The following are opening remarks, as prepared for delivery, from Chair of the Subcommittee on Railroads, Pipelines, and Hazardous Materials Daniel Lipinski (D-IL) during today's hearing titled: "Amtrak's Response to COVID-19."
Good morning. I want to welcome everyone to today's Railroads, Pipelines, and Hazardous Materials Subcommittee's hearing on Amtrak's response to COVID-19. As you can see, we are doing a hybrid hearing today with most members and our witnesses remote to safely conduct this hearing. I want to wish everyone participating or watching this hearing my best during these tough times. I hope everyone's family and loved ones are safe. Before we get started, this is my first opportunity to publicly congratulate William Flynn who became Amtrak's CEO less than five months ago. There could not be a much tougher time to begin this service; I wish you well.
COVID-19 has wreaked havoc on the health and economic welfare of Americans, just as it has done across the globe. Economically, the travel industry has been especially hard hit. I understand Amtrak faces serious financial issues and other strains on its operations, and we'll hear specifically about this directly from Mr. Flynn. I've always been a strong advocate for Amtrak because it provides an important public service -- national passenger rail service. It is critical that all of us, especially everyone at Amtrak, always keep in mind that it is first-and-foremost a national public service. Though this does not mean that it should not be run well. In addition, as everyone watching knows, I have been a staunch advocate for the men and women who work at Amtrak. It is essential that they are all treated fairly, especially in the midst of an unprecedented pandemic that has caused economic hardship for millions of Americans and their families.
That brings me to the issue of the furloughs recently announced by Amtrak. Congress recognized the financial difficulty Amtrak is experiencing because of a steep drop in ridership and provided over $1 billion in CARES Act funding for Amtrak with the understanding that part of the funds would be used to prevent furloughs. So Amtrak's announcement that they will furlough over 2,000 employees on October 1st is extremely disappointing. I understand that, technically, we are about to begin a new fiscal year. But one of the biggest frustrations I and other members have is that Amtrak has had months to come to Congress and request additional funding to help keep workers on the payroll. The principal reason Amtrak didn't get any money in the HEROES Act passed by the House was that Amtrak didn't submit a supplemental request until 10 days after passage. To make matters worse, Amtrak is just now submitting their amended FY21 supplemental request to Congress less than one month before the current fiscal year expires and Amtrak plans to implement these furloughs.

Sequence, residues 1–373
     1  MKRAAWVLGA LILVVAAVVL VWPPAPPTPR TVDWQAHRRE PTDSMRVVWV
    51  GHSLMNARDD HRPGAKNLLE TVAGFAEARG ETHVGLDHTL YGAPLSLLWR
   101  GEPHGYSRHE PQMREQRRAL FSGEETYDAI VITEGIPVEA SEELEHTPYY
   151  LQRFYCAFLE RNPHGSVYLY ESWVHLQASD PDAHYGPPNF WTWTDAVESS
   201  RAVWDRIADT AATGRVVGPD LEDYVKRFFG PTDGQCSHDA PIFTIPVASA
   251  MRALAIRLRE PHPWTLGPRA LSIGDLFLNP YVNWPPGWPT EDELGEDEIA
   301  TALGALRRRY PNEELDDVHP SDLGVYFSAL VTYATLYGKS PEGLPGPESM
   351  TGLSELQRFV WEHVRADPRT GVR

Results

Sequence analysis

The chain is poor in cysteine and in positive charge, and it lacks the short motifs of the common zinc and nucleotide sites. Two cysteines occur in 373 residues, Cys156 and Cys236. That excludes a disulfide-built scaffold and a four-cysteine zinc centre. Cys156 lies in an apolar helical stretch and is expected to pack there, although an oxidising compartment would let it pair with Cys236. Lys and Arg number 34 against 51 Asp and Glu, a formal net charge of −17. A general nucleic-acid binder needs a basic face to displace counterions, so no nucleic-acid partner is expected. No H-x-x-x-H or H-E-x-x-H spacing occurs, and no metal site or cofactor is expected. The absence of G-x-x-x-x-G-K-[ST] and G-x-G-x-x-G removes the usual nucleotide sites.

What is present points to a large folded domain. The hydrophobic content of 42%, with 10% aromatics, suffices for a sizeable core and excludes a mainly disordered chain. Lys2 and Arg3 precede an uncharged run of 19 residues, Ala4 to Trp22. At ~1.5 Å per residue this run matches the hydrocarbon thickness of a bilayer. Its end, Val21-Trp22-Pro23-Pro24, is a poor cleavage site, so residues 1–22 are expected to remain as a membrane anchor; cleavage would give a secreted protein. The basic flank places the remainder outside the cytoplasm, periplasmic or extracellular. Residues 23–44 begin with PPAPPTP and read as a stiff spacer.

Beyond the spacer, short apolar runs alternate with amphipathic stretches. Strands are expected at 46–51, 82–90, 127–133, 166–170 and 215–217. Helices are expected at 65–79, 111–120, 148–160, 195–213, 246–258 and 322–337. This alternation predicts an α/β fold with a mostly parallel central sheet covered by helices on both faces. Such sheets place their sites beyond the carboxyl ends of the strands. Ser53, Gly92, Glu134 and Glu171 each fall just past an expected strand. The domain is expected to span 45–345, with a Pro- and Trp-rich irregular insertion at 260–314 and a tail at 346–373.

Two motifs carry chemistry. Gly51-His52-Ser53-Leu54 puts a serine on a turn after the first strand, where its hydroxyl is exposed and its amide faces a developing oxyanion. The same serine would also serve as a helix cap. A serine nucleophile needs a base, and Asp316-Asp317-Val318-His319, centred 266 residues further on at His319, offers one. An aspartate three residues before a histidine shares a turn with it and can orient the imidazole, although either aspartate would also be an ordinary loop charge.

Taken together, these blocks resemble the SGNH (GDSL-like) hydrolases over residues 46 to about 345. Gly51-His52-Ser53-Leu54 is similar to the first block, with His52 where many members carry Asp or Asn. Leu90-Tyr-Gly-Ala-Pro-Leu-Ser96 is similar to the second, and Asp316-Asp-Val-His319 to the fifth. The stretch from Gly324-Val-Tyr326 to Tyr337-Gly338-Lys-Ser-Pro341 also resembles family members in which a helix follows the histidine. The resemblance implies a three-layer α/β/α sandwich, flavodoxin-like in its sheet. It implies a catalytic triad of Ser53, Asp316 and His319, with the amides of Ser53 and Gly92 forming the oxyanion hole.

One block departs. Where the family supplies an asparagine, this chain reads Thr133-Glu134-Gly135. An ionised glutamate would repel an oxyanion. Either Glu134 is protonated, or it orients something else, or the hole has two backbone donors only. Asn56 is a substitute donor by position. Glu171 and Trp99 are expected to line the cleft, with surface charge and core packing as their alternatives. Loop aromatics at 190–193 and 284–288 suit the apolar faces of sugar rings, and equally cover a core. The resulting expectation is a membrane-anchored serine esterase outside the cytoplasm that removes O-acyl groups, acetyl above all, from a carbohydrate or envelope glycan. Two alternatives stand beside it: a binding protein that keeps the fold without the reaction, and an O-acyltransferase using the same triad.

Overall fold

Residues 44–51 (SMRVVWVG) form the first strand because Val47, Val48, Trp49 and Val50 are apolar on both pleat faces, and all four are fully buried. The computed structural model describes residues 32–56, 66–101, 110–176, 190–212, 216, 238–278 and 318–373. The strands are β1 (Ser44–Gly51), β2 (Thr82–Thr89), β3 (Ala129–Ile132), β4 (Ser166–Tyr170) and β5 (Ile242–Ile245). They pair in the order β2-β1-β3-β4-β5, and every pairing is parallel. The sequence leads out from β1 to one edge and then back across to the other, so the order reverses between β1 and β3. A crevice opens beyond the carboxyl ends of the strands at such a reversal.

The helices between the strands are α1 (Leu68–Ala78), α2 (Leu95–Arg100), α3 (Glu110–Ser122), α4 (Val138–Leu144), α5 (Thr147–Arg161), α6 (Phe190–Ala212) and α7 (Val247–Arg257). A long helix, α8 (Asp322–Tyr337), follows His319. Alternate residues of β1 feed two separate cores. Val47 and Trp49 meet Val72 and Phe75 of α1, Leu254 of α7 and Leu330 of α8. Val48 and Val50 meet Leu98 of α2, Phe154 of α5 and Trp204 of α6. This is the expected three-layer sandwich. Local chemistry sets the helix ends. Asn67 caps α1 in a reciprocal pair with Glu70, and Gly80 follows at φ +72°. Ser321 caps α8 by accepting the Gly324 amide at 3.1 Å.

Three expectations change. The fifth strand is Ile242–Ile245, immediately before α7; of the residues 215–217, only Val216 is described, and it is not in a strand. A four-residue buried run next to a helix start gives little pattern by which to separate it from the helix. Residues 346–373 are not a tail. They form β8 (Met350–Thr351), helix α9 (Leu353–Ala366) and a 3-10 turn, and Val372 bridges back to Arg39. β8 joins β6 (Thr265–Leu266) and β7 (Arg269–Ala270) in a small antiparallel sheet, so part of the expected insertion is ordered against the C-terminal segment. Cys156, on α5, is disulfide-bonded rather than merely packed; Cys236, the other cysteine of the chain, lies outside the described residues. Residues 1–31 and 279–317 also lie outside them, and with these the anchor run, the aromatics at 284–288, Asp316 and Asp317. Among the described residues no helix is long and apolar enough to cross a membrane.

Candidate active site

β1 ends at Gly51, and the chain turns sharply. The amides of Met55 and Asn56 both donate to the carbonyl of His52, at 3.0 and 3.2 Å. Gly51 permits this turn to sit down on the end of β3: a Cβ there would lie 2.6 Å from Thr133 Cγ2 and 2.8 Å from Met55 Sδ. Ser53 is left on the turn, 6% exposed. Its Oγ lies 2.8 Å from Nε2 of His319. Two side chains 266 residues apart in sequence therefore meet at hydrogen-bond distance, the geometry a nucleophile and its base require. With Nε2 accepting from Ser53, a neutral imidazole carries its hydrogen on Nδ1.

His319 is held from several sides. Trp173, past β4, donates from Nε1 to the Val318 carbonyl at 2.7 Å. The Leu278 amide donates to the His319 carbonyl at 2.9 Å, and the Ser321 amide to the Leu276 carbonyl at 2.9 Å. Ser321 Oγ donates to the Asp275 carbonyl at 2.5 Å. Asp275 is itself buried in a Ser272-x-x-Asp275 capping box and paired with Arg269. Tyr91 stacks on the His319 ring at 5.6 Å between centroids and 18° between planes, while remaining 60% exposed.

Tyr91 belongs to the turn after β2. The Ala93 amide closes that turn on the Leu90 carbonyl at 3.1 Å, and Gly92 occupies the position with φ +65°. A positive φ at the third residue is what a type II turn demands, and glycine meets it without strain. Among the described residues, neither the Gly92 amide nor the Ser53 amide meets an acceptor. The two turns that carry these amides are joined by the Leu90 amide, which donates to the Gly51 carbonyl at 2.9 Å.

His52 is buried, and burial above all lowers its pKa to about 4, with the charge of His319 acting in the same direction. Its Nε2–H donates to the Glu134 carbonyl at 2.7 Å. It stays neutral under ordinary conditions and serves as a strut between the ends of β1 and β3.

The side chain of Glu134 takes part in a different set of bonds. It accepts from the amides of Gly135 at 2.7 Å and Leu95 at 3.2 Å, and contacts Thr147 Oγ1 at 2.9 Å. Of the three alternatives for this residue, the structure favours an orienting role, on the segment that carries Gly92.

My frustrations aside, I believe that Congress needs to act quickly to prevent furloughs and avoid long distance service cuts. First, the furloughs won't actually save the federal government that much money because the workers furloughed will be eligible for Railroad Unemployment Insurance, which is funded through taxes paid by workers and their employers -- in this case Amtrak. Second, we tried cutting long distance service to three days a week under President Clinton in 1994. Congress on a bipartisan basis led by Mississippi Republican Senator Trent Lott eventually rejected those cuts and restored long distance service to seven days a week because cutting long distance service economically hurts rural communities, undermines Amtrak's role as a national passenger rail system, and actually doesn't save that much money. Congress' view on this has not changed in the past 25 years. Finally, we should reject these cuts because most of us on this Committee believe that whenever this pandemic is over, Amtrak should go back to running the service it had before this pandemic. We cannot just flip the switch so to speak if Amtrak is going to lose valuable workers, knowhow, and riders because of these cuts. Ultimately, the furloughs and long distance service cuts are misguided and weaken our national passenger rail system.
It's important we hear from Amtrak CEO William Flynn today on his long-term vision for Amtrak and why Amtrak is making these cuts.
Finally, I feel it necessary to remind Amtrak that while I strongly support our nation's passenger railroad, Amtrak must heed, and not ignore, Congress's desire that it work well with others, including commuter railroads like Metra in northeastern Illinois, as well as States and local municipalities. Too often it feels like Amtrak is happy to take money from Congress and then ignore Congress's directives. That is not helpful, especially when Amtrak needs much more from Congress.
With that, I recognize Ranking Member Crawford for an opening statement.